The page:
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  57. Canadian, Jesse, some well-expressed points - thanks.

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  58. "Old hat I'm sure you get told this very often but you express yourself beautifully in posts."

    Thank-you, Jesse, but I don't get told this very often. Men are so scared of women taking offence at compliments - if it's not misogynist, it's patronising, or both! - that in general men have become somewhat ungracious and even boorish!

    As for a woman paying me such a compliment, the last time I ventured onto another (not very conservative) site, I was told I couldn't be a woman and that I was really a man masquerading as a woman. And the views I was expressing there were pretty tame compared to what I've said here....

    Ah, the things we have feminism to thank for....

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  59. Just to throw my own compliment in :-) ... I just wanted to say I admire the way Mark Richardson's responses to hostile or critical correspondents is so measured and reasoned. I too often just get mad... which is wrong and takes away credibility from my argument. Mark, you have a rare quality: control in the face of liberal excess.

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  60. Yeah its good. Robert Frost said, "Education is the ability to listen to almost anything without losing your temper or your self-confidence". Its great when you can pull it off.

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  61. Jesse wrote, "I'm not sure what the best answers are. As a young bloke I'm trying to do the best I can to attract women whilst not feeling compromised or acting like a bastard. Happy relations with women is something I'm working towards."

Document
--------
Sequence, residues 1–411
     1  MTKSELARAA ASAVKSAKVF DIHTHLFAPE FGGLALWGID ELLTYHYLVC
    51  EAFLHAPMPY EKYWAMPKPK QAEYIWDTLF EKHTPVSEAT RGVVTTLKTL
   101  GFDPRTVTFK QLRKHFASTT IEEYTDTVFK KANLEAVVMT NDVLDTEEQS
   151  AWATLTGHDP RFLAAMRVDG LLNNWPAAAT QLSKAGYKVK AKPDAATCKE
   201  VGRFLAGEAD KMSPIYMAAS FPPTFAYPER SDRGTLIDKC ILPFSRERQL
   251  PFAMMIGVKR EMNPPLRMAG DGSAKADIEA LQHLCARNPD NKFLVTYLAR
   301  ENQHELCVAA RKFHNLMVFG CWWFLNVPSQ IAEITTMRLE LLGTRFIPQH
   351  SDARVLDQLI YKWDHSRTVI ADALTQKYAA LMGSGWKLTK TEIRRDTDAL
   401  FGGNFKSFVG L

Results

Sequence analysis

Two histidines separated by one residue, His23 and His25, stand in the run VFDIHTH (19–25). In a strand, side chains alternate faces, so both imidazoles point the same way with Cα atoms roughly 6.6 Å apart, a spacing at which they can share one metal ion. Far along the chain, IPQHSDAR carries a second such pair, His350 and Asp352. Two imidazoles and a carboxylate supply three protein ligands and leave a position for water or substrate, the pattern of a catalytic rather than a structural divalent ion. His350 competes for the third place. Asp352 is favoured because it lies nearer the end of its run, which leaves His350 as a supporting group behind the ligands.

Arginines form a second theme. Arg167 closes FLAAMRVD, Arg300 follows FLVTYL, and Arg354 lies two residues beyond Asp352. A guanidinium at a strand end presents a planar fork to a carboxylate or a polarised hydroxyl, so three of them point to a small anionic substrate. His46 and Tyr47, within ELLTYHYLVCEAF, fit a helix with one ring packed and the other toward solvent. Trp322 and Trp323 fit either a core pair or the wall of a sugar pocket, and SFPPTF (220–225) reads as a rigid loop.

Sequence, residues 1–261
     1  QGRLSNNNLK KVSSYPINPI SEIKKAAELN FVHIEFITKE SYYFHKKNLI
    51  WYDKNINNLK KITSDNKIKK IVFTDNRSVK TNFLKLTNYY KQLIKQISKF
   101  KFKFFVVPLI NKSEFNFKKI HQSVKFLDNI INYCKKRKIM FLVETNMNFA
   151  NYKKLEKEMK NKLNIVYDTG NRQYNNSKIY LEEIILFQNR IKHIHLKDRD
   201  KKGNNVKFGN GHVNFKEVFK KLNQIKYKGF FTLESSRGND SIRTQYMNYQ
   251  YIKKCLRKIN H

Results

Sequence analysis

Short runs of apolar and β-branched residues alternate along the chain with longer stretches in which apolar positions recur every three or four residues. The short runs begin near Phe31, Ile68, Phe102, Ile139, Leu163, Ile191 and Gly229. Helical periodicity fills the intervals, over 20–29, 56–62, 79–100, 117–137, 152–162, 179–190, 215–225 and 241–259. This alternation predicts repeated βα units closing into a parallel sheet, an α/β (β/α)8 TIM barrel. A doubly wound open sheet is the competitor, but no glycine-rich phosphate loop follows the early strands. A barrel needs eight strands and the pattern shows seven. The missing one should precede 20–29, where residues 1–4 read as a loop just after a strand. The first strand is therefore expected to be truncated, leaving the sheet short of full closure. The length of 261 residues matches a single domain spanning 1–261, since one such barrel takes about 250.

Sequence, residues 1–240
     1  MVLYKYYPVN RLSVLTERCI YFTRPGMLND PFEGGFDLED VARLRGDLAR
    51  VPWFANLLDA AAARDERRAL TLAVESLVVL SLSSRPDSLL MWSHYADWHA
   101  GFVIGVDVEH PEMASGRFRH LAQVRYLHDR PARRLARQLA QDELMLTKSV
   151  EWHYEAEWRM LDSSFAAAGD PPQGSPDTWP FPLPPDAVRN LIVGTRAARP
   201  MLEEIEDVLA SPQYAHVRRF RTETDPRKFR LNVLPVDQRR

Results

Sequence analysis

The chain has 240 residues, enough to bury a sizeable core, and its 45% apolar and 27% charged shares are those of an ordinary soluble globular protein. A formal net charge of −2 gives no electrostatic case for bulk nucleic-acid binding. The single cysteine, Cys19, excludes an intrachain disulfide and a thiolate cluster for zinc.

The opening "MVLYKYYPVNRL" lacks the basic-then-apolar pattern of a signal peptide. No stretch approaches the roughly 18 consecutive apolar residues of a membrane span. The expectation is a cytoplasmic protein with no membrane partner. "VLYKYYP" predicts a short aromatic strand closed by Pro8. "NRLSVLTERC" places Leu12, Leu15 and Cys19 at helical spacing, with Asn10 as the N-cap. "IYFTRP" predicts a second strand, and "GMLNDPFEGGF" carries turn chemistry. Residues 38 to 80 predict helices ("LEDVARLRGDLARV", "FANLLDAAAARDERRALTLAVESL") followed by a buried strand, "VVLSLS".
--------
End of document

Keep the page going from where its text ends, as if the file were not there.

I wondered. A lot of what you write has sounded familiar, and now I understand it's because you and I are asking many of the same questions. Good luck.

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  62. Mr Richardson's even-handedness in the face of some pretty dopey provocations ("This blog is just dripping with misogny" - love the spelling of that last word, huh?) is commendable. So are the fluency and, indeed, elegance of his writing style.

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  63. Yep, I'd like to second what James wrote.

    Mr. Richardson, you set a great example in your tone and conduct for the rest of us to follow, and generally, I've observed, we do. Although your opponents are rude, unpleasant and irrational, the contrast between their behavior and yours makes you come off all the better.

    I am almost glad that they haven't caught on.

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  64. Kilroy, Jesse, Bartholomew, thanks.

    Bartholomew, I'm often impressed by the quality of the discussion in the comments thread. It adds a lot to the site.

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  65. He was a bad person, It has nothing to do with skin colour'

    Theres bad people in every race.

    Pigment does not make you' a good person or a bad person.

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  66. Do we do this by holding women down? If a guy always has to be better than his wife/girlfriend, I think that would be desirable but in practise it could be difficult.

    Given female hypergamy, isn't "always has to be better" how male-female relationships are actually conducted?

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  67. I am getting a kick out of the fact that Oz Conservative thinks women are inherently gullible idiots, while apparently placing great stock in the long discredited practice of nephrology (i.e. judging someone's character by his or her facial features).

    You might want to consider that acid attacks on women are most common in places like the Middle East and southeast Asia, which are not exactly bastions of feminism. In fact, a common motive for acid attacks is revenge for a woman's refusal of sexual advances. (Look up Acid Attacks in Wikipedia for more info.) I am pretty sure that restricting women's freedoms will not result in less violence against women in the west. It will just increase the practical difficulty of escaping violent men.